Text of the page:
McKenney & Hall-Native American Works on Paper

McKenney & Hall, two lithographs, Pes-Ke-Le-Cha-Co and Ma Has Kah, from History of the Indian Tribes of North America, 1838-41

p4A ItemID F7989490
McKenney & Hall/ Publishers, "No‑Way‑Ke‑Sug‑Ga", lithograph, from Indian Tribes of North America

p4A ItemID F7983640
McKenney & Hall lithographs, McIntosh, A Creek Chief, Se-Loc-Ta, Paddy-Carr, Spring Frog, Me-Na-Wa, Ledagie, six large folio prints from History of the Indian Tribes of North America

p4A ItemID F7983293
Native American Prints, twenty three lithographs from McKenney & Hall's "History of the Indian Tribes of North America," 1836-1844

p4A ItemID F7974739

McKenney & Hall

Thomas Loraine McKenney (1785 to 1857) and James Hall worked together to compile a volume of portfolios that represented Indian life, lore and custom.

As Superintendent of Indian Trade under Presidents Madison, Monroe, Adams, and Jackson, McKenney had the interest and opportunity to learn first hand the customs and beliefs of many Native American Tribes. He championed the fight to preserve some of the details of the Indian culture, which was an integral part of the history of the United States. The gallery of portraits of the great chiefs by artists such as James Otto Lewis, Charles Bird King and George Cooke were the basis of his legacy. McKenney began planning his archive in 1816 when a delegation of Indians went to Washington D.C. to see President Monroe. It was an opportune time to record their likenesses and he commissioned Lewis and King to produce the paintings.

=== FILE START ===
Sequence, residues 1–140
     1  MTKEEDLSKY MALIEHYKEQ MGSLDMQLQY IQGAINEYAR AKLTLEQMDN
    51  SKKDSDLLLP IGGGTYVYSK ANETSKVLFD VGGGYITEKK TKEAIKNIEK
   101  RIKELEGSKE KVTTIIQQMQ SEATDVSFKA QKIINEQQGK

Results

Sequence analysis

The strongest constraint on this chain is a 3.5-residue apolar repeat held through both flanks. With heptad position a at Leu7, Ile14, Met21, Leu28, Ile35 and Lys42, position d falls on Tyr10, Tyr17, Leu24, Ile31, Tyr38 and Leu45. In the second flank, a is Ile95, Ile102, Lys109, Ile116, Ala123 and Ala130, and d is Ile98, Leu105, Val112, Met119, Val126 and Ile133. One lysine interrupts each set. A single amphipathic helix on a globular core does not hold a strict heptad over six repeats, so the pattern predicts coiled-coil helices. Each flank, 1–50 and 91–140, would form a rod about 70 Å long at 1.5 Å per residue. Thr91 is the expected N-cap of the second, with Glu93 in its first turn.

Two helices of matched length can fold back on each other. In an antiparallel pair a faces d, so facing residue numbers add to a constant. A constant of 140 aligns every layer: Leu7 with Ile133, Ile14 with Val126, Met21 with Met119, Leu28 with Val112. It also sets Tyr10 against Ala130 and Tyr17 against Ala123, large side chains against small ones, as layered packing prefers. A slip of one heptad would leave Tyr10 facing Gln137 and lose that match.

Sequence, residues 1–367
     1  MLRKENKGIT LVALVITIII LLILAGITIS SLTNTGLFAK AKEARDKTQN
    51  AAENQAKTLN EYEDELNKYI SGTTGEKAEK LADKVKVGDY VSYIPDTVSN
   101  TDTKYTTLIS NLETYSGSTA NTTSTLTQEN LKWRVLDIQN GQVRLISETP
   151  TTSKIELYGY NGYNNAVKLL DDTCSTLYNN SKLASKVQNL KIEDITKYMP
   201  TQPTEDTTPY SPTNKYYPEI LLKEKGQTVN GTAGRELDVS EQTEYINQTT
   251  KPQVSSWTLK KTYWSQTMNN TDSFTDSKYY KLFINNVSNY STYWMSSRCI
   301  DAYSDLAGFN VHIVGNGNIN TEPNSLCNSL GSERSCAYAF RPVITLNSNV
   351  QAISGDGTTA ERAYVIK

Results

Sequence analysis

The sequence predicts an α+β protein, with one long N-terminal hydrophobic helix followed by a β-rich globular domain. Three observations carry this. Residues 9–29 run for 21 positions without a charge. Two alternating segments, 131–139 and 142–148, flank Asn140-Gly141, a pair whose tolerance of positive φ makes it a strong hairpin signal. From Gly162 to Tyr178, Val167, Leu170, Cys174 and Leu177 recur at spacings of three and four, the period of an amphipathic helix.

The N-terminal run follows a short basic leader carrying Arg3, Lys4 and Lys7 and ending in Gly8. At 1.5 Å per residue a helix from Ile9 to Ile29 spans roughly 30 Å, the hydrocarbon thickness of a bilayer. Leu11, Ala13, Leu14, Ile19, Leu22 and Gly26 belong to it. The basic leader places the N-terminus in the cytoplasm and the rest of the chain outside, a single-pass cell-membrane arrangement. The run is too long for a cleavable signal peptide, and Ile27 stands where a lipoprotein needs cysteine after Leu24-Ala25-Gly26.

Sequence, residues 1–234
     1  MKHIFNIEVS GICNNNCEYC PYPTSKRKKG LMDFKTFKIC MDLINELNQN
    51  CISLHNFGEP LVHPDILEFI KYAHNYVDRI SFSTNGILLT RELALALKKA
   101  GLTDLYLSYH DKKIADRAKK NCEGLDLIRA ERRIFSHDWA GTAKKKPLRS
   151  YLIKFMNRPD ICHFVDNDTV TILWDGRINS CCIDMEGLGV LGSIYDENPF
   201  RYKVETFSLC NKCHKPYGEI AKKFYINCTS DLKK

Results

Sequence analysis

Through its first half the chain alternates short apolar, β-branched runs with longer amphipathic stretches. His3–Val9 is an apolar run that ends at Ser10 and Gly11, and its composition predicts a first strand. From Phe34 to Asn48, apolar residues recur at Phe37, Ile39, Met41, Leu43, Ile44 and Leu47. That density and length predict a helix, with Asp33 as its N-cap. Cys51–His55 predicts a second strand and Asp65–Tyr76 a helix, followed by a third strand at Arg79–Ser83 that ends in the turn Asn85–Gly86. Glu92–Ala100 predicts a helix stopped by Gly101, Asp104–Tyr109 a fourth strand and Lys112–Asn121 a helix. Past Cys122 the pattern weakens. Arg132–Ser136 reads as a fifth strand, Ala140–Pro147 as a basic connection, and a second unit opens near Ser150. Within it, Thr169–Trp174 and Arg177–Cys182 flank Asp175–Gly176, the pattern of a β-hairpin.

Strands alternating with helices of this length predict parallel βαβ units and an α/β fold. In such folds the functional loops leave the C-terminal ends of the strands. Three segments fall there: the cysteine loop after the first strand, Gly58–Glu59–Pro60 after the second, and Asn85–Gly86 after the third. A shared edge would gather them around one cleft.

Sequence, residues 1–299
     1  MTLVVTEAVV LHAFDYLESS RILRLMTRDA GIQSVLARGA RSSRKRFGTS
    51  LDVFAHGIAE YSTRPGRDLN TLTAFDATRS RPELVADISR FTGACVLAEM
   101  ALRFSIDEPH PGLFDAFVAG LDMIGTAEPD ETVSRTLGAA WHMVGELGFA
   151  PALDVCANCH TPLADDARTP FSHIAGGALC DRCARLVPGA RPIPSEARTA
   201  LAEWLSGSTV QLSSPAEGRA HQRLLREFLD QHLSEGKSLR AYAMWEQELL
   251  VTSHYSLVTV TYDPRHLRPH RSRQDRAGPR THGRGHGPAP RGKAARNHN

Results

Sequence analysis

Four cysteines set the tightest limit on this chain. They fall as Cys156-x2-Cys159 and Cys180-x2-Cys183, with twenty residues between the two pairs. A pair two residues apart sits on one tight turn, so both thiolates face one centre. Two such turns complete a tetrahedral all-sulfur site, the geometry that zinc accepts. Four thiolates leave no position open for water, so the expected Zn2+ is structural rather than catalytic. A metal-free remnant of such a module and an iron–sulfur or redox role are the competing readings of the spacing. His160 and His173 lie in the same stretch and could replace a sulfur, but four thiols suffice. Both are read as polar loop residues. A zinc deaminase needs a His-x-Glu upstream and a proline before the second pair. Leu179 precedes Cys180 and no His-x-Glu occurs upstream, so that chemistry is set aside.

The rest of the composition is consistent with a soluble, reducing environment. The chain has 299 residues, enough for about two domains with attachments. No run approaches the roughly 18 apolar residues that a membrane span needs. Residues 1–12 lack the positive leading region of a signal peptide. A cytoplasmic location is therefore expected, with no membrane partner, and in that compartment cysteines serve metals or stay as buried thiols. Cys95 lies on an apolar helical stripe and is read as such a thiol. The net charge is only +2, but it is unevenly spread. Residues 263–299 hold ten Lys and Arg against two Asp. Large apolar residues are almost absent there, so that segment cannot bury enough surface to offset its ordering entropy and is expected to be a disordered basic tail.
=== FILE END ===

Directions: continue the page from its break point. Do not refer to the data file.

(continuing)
Hall, who was a frontier lawyer and judge, used his skills as a newspaper editor and author to coherently write the text based on information provided by McKenney. It took six years of hard work and struggle to produce the folio by 1863, History of the Indian Tribes of North America. Philadelphia: 1837-1844.

The original paintings, from which the lithographs were produced, were held in the Smithsonian. An 1865 fire at that institution destroyed almost all of these portraits, making McKenney’s project even more vital in preserving and documenting an important chapter of history. It confirmed McKenney as truly one of the visionaries who captured the brilliance of the Indian culture before much of it was forever lost.

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